What I’d kill for = 24/28-70/f2.8 VR Why doesn’t this exist?!

        • Anonymous

          Word has it that the Nikon version is manufactured by Tamron – a very similar lens design. The two lenses are virtually identical.

          • http://micahmedia.com Micah

            Word from exactly who?

            Word also has it 4 out of 5 statistics are faked.

        • Anonymous

          “What I’d kill for = 24/28-70/f2.8 VR Why doesn’t this exist?!” Because Tamron hasn’t made it – yet! It wouldn’t surprise me if they came out with a 28-75mm VC lens. I’d rather they put it in their 70-200, but the 28-75 wouldn’t be bad.

          • http://micahmedia.com Micah

            huh? Why so hot on Tamron? They make some ok glass, but they wrap it in cheap plastic. I’ve owned Nikon, Canon, Tokina, and Sigma. I can’t bring myself to buy any Tamron because it feels too flimsy. I can dig lightweight…but there’s a point where it’s a bad thing.

            Studio I worked for sent highschool kids out with the Tamron 28-70/2.8. They looked ok, but not marvelous on the 20D and like utter crap at the edges on a 1Ds mkII.

            (P.S. Firefox wants to spellcheck “Tamron” into “Tampon”)

      • http://www.photothema.com Antonis X

        I agree about sharpness. CAs are in my work a real problem. I work mostly outside and often have to show the pics immediatly to clients. Can’t tell them “that’s easily fixed” because most think fix=failure… :)

        For most of my work I use the Nikon 70-200, but sometimes I need the wider angle. Until now I used the 18-200 for these. Why not the Nikon f2.8 24-70? Well, one heavy beast on a track is enough. So I am looking for a sharp (yes the Tamron) and light (yes the Tamron too) and low on CAs lens (not the Tamron). And a bit more angle than 24mm (yes the Tamron).
        So the AF 17-50mm f/2.8 SP XR Di II LD Aspherical won on sharpness hands down from the 18-200 and if the new one does the same AND is lower on CAs than the old one, it is going to be almost a sure thing for me as it also has image stabilisation (missing in the Nikon 24-70), that I often need because I also have to shoot a lot without tripod.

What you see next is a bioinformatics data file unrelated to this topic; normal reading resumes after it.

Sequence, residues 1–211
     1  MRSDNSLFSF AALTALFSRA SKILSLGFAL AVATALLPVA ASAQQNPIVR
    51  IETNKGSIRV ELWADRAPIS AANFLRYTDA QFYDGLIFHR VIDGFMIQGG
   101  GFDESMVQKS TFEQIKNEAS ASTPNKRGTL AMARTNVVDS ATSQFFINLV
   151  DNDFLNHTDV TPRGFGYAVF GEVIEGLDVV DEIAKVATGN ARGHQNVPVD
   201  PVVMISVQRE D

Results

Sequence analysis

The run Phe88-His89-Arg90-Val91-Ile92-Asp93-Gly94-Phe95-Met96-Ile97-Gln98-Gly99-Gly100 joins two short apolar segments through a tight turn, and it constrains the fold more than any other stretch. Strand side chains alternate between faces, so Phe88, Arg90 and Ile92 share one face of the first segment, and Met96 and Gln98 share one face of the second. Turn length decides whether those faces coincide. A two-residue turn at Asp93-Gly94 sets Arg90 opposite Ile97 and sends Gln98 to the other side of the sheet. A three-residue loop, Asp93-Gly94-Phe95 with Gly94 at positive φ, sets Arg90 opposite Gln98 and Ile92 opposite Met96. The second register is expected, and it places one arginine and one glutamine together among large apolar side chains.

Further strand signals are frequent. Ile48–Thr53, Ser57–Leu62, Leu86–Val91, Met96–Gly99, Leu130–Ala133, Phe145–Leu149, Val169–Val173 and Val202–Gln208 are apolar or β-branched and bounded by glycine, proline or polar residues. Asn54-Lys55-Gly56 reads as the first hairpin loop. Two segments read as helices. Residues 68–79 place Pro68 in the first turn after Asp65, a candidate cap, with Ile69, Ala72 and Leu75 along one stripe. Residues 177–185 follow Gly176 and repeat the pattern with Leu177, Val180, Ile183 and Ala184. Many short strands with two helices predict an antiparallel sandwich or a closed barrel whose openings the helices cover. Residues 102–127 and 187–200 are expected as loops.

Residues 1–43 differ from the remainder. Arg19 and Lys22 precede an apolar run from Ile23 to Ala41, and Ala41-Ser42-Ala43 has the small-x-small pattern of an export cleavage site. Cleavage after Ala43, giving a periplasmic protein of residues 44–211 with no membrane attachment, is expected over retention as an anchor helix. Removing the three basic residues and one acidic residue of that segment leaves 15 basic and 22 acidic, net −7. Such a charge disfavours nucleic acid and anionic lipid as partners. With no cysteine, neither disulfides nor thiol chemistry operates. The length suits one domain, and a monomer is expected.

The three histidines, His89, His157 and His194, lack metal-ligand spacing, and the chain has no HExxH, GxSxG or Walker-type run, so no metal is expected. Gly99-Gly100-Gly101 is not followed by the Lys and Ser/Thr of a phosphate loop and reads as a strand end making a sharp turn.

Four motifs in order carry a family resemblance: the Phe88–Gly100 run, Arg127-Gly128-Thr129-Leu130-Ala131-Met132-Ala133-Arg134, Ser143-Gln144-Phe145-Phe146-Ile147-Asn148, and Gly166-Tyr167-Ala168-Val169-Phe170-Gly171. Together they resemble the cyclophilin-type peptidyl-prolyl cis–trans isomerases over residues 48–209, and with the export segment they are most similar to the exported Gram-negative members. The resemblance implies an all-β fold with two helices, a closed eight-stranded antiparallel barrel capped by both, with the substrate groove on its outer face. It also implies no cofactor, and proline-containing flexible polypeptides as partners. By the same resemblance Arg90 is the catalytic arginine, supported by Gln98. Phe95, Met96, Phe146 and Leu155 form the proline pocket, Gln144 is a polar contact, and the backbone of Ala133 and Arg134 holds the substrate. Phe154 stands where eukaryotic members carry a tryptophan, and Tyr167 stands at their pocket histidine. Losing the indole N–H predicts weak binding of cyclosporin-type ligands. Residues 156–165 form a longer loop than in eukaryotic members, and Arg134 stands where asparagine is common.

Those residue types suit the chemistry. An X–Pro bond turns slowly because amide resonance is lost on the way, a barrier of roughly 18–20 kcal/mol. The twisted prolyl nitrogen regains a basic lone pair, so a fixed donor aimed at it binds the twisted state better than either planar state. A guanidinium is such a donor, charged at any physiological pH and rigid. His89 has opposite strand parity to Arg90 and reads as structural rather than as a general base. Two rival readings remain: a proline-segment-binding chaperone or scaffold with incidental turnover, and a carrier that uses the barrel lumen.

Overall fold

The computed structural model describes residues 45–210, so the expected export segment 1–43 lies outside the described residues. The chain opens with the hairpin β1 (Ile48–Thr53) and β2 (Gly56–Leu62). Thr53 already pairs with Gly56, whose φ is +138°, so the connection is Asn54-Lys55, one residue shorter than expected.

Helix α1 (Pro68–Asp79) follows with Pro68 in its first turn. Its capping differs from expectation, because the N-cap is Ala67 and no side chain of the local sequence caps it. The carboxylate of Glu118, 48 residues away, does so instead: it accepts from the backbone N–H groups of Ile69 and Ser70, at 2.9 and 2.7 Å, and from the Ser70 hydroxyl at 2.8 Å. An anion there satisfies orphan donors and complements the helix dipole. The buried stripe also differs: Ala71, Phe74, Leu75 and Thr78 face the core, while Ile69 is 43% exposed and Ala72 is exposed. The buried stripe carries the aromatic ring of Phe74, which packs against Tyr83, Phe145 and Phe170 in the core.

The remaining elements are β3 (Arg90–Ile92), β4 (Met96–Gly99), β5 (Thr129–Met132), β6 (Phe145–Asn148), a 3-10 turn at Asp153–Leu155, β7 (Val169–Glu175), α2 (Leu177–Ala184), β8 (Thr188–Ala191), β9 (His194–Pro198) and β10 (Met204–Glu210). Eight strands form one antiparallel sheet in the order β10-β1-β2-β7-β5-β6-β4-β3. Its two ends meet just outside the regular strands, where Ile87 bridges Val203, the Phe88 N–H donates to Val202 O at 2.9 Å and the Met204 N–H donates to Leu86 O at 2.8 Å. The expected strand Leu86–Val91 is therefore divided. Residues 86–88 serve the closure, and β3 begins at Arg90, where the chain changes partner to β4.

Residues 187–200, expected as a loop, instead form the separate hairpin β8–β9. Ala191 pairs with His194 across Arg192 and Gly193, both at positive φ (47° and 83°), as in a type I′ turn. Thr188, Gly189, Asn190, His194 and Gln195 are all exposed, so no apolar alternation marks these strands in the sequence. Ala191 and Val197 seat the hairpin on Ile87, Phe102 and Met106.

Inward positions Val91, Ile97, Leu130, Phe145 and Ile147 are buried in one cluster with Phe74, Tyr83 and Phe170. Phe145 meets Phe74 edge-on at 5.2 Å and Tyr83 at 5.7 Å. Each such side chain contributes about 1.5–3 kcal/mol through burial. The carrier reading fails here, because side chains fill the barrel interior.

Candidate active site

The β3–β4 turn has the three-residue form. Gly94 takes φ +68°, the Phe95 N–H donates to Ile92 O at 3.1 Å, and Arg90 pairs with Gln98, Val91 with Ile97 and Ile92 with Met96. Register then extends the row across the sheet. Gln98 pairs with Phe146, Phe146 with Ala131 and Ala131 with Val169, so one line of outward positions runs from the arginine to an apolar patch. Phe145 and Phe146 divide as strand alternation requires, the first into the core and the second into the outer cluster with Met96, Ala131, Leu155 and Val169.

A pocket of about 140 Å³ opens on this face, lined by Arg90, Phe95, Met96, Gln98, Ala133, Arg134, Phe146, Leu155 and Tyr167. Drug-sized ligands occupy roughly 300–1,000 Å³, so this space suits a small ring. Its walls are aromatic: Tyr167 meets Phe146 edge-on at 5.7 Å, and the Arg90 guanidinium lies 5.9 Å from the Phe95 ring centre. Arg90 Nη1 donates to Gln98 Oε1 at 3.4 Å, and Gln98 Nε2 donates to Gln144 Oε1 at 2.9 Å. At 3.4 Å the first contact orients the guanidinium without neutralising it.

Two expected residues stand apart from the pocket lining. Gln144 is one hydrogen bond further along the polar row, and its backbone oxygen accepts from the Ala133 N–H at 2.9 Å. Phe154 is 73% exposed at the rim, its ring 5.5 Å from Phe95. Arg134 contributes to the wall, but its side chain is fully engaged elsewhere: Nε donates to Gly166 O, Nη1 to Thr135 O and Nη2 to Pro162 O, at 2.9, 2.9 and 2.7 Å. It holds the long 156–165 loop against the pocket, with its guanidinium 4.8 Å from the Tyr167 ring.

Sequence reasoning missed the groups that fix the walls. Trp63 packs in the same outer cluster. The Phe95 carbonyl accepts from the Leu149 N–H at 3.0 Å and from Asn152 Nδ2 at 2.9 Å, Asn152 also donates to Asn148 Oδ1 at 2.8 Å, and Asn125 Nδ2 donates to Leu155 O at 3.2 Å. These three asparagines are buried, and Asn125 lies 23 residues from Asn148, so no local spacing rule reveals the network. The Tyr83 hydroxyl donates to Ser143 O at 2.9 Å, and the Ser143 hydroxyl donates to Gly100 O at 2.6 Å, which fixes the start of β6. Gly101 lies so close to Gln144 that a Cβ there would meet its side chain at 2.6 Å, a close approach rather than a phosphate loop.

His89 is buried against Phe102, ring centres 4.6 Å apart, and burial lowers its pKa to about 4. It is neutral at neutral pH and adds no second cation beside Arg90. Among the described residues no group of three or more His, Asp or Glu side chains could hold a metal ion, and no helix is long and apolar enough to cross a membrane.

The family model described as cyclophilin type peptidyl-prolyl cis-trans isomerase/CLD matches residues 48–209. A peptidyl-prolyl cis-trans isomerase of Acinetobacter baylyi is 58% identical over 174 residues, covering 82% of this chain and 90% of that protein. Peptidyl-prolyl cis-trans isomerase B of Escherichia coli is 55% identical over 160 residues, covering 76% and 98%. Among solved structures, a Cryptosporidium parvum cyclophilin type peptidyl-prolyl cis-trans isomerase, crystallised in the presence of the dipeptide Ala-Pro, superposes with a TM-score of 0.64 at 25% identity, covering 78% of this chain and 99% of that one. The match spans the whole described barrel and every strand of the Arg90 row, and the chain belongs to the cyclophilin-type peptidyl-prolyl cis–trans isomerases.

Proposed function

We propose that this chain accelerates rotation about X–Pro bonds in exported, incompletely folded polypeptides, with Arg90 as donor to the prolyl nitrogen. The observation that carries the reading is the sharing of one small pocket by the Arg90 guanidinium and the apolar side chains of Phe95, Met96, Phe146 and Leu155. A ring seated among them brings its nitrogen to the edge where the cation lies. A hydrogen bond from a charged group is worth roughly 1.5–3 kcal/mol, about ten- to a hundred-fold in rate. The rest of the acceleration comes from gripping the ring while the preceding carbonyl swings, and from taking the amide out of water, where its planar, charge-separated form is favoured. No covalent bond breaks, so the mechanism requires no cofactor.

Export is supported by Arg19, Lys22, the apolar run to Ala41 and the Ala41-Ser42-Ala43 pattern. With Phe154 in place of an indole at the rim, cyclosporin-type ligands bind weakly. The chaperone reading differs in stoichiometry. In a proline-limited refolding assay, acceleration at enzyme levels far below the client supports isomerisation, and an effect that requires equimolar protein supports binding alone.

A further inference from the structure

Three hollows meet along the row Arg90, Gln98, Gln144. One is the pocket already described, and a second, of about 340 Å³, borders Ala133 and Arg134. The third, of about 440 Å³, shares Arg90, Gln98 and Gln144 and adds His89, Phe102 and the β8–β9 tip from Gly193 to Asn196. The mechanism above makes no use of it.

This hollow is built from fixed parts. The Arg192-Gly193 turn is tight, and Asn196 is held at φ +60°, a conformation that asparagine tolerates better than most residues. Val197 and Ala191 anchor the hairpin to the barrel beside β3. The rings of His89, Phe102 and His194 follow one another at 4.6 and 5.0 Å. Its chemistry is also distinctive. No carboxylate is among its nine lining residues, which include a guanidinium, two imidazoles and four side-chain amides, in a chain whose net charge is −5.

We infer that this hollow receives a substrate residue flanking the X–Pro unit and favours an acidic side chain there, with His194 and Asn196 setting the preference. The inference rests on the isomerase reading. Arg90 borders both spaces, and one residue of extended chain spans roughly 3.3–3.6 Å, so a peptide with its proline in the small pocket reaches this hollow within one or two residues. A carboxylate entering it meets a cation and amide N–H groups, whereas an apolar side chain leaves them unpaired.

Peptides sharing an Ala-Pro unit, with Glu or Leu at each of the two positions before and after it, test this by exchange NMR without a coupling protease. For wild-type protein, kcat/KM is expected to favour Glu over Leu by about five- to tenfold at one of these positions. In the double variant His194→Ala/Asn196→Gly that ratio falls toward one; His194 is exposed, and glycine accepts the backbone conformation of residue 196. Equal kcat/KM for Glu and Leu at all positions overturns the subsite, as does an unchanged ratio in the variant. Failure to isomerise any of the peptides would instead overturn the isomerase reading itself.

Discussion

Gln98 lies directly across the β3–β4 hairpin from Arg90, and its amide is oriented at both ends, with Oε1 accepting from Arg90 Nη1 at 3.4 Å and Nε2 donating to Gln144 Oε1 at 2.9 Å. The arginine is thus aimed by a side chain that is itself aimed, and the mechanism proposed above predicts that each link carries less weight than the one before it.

So that’s why I made my comments. ;-)

        • Jon Paul

          I didn’t mean to sound rude, Antonis. Maybe you got a bad copy of the lens, because I should have said that CA is only even noticeable for me at 17mm, and when I say noticeable I mean really pixel peeping at 100%. There’s no way I would notice it when chimping on the side of a track.
          Here’s a shot I took with it at 17mm. I only adjusted curves–other than that, this is as shot:
          http://www.physics.utah.edu/~jonpaul/20090318.jpg

          • Jon Paul

            And lest anyone think I’m endorsing this lens for architecture (which I’m not), I have to say that I took this just to compare it to a 13-image pano that I took at the same time with the 50 1.8 (I wish I had the 35 1.8 at the time) and stitched with hugin:
            http://www.physics.utah.edu/~jonpaul/20090318-2.jpg

          • http://www.photothema.com Antonis X

            @Jon Paul
            Thanks for that shot. Winter… :-(

            No CA in side, indeed. Here in Greece I don’t have so many empty branches and not so high buildings. But much more light in winter! But the shot was very informative. And I didn’t find your comments rude in any way.

            Well, the new kid is on the block now. Just a few weeks left. Waiting for shots like yours and then… :-)

  • http://bonzo.com Bonzo

    Any news on new Nikkor lenses this year???

    And not those 18-something please. :-(

    • WoutK89

      wait till around november (that was the supposed date for D700(x/s) right?), you will hear more by then!

      • Gordon

        Hopefully Nikon will update all their FX prime lenses in one swoop, they are so old now it’s embarassing.

        Nikkor 14mm f/2.8D (07/2000)
        Nikkor 35mm f/2D (03/1995)
        Nikkor 28mm f/2.8D (10/1994)
        Nikkor 20mm f/2.8D (03/1994)